Texas A&M University

Texas A&M is the state’s oldest public university and largest university, and one of the largest in the nation: a research-intensive, land-grant institution with 68,400 students, including 14,900 in graduate or professional school. Students choose from more than 130 undergraduate and 240 graduate degree programs in 16 colleges and schools, and participate in more than 1,100 student-run organizations and activities (including the Big Event, the largest one-day, student-run service project in the United States).

Texas A&M ranks sixteenth nationally in research expenditures, with more than $892 in FY2016 (National Science Foundation), and is a member of the Association of American Universities. Texas A&M ranks at or near the top among universities nationally in the areas of academic excellence, value, and affordability; on-time student graduation rates (both overall and for minorities); student engagement and happiness; and students who graduate with less college-related debt and become the nation’s highest-earning graduates. Texas A&M also is tied for having the most graduates serving as CEOs of Fortune 500 companies.

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Displaying 1 - 20 of 174 articles

People worked for healthy teeth long before nylon brushes hit the market. Mila Davidovic/Shutterstock.com

How did people clean their teeth in the olden days?

People have probably always wanted clean and healthy teeth. What they historically used to achieve dental hygiene might surprise you.
Democratic U.S. 2020 election presidential candidates during the second night of the first Democratic presidential candidates’ debate. REUTERS/Mike Segar

Fighting words for a New Gilded Age - Democratic candidates are sounding a lot like Teddy Roosevelt

The problems facing America are unrestrained capitalism and corruption, said the Democratic presidential candidates over two nights of debates. Or was that really Teddy Roosevelt speaking?
Octavia Spencer is one of the few black women to have a lead role in a horror film. Universal Pictures/YouTube

We’re in a golden age of black horror films

For decades, black characters in horror movies were objects of ridicule, died first or played evil Voodoo practitioners. But now we're seeing a wave of films created by blacks and starring blacks.
The non-Hispanic white population is not growing as quickly as other groups in the U.S. Lightfield Studios/shutterstock.com

The US white majority will soon disappear forever

By 2050, the US will be a 'majority-minority' country, with white non-Hispanics making up less than half of the total population.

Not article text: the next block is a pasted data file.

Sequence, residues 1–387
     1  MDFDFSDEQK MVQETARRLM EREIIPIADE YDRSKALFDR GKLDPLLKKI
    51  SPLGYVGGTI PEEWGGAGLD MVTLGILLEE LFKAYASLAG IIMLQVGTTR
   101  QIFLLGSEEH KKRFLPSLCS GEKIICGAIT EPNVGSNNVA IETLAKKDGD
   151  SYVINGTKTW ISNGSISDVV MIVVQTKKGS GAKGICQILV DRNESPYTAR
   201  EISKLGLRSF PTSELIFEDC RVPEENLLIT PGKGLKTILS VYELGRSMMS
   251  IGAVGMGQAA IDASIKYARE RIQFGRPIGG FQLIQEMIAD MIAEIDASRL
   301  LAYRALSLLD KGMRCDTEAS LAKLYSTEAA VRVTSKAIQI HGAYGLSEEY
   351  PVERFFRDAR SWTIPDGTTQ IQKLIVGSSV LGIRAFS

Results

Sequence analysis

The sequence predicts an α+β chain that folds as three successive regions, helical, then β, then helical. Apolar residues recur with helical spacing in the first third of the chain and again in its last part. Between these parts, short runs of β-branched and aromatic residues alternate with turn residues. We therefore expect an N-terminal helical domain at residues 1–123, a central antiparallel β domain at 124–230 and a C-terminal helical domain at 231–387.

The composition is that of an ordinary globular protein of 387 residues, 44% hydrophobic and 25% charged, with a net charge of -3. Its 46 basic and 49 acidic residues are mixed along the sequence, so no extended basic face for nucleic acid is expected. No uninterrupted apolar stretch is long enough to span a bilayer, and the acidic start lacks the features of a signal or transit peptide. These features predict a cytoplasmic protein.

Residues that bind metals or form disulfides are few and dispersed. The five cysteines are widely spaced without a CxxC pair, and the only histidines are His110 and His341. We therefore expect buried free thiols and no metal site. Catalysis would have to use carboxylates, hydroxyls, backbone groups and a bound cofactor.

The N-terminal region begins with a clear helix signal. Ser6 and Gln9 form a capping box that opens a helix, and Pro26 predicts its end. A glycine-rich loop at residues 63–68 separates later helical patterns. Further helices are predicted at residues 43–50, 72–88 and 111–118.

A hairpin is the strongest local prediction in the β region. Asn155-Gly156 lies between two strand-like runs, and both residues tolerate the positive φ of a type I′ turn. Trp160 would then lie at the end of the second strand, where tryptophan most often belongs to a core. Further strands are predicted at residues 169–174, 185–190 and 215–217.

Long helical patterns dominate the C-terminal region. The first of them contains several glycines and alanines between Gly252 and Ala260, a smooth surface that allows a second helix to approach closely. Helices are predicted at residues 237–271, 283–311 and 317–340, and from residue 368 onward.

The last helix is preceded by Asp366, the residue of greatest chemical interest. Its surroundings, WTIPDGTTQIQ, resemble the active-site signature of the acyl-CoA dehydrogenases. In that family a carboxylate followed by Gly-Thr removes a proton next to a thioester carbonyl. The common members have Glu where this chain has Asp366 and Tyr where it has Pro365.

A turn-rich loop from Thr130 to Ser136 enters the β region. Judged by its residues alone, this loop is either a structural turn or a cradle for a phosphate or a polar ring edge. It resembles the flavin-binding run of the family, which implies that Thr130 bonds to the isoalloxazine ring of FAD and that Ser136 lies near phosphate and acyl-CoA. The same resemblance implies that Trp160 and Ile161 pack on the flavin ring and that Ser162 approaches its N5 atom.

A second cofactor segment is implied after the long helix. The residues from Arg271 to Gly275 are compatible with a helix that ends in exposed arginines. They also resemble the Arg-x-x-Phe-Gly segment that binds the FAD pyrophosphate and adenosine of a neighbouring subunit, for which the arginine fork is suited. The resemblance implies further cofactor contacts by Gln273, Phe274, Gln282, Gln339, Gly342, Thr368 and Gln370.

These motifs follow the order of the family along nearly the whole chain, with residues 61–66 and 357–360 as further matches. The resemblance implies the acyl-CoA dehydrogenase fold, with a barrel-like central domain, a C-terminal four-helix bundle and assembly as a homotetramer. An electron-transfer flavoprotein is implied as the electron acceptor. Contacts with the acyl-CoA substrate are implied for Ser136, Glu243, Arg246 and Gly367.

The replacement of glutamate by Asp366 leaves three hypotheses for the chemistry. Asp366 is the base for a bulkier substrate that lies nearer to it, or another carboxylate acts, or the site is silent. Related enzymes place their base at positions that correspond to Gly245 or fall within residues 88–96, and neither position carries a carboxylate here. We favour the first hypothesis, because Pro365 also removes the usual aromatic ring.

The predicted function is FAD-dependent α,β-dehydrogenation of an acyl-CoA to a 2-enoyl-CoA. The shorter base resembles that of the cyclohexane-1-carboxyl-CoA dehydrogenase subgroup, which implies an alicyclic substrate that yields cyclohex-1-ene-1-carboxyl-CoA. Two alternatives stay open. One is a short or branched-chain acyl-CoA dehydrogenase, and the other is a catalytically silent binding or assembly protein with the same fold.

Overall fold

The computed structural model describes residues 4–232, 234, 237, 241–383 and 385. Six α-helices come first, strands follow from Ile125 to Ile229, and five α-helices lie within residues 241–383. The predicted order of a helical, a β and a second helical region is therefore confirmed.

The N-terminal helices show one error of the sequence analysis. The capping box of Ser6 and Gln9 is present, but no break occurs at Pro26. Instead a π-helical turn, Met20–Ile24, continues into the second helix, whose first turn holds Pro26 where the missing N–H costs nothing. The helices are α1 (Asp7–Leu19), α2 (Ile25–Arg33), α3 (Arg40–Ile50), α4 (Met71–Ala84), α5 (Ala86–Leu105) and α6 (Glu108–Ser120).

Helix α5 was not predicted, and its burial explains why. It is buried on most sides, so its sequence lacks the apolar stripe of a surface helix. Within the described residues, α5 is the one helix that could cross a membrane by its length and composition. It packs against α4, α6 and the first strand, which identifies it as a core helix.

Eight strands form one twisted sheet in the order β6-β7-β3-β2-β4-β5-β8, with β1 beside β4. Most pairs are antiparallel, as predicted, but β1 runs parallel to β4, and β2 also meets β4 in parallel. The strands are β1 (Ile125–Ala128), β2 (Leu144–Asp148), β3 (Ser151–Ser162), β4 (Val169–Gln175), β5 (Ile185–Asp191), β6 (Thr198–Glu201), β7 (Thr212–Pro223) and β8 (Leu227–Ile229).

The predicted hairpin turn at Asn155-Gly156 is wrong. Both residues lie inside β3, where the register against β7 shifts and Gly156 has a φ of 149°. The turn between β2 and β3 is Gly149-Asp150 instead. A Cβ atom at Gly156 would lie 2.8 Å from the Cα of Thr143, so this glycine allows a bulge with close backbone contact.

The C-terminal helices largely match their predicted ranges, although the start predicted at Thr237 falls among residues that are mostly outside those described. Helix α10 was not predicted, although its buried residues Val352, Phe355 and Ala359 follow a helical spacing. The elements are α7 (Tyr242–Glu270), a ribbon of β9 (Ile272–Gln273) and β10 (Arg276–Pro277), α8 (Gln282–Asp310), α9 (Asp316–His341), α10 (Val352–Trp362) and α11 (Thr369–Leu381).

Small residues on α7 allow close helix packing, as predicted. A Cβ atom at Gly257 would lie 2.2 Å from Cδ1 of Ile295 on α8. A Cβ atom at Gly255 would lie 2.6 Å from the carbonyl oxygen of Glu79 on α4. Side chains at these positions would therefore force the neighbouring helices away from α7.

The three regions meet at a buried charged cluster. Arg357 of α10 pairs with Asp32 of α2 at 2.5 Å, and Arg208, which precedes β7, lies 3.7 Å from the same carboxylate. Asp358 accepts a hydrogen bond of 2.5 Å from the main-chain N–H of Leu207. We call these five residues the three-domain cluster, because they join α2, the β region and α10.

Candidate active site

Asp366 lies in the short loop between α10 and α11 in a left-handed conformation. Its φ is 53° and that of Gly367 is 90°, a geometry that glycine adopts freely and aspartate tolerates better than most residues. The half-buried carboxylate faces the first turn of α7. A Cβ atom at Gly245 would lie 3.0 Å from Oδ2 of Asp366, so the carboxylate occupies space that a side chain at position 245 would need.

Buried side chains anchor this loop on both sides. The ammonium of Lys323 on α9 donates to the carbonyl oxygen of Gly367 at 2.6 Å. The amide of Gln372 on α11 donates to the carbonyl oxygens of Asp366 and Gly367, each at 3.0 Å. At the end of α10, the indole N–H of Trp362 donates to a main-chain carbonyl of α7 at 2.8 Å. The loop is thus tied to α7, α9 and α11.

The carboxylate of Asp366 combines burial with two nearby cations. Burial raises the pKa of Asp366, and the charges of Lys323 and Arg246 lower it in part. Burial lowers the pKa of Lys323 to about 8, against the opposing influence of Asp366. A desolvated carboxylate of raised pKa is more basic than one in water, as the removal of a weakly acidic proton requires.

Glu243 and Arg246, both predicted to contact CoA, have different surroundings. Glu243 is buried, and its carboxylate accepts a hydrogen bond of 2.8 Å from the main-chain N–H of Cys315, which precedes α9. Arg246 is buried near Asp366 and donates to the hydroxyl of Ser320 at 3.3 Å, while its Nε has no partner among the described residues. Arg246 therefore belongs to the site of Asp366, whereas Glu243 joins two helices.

A racial wealth gap is persisting after centuries enslavement and systemic discrimination. Hyejin Kang/Shutterstock.com

The case for African American reparations, explained

Thanks to demographic and political changes, Democratic contenders are addressing this issue for the first time.
Jessie Dean Gipson Simmons, shown top center about age 37, c. 1961. [Clockwise: daughter Angela, sons Obadiah Jerone, Jr. and Carl, and husband Obadiah Jerone, Sr.; daughters Carolyn and Quendelyn are not pictured] Simmons family archives

Jessie Simmons: How a schoolteacher became an unsung hero of the civil rights movement

When Jessie Simmons applied for a teaching job in 1958, her application went to a separate file for "Negro teachers" and got rejected. An education scholar recounts how Simmons fought back and won.
Library subjects and call numbers can be the subject of controversy. jakkaje808/shutterstock.com

The bias hiding in your library

The way books are sorted at the library can be highly political, touching upon issues of race and identity.
Ted Bundy, a day before his execution in January 1989. AP Photo/Mark Foley

How to distinguish a psychopath from a ‘shy-chopath

Psychologists are debating whether the presence of one trait – boldness – is the key to determining if someone is a psychopath, or just a garden-variety criminal.
A sign behind Republican members of the committee during Michael Cohen’s testimony before a House Committee Wednesday. REUTERS/Carlos Barria

Michael Cohen’s verbal somersault, ‘I lied, but I’m not a liar,’ translated by a rhetoric expert

Michael Cohen wants you to know that throwing your kid a ball doesn't make you a Red Sox pitcher. So he told lies, he says, but that doesn't make him a liar. A rhetoric scholar dissects his argument.

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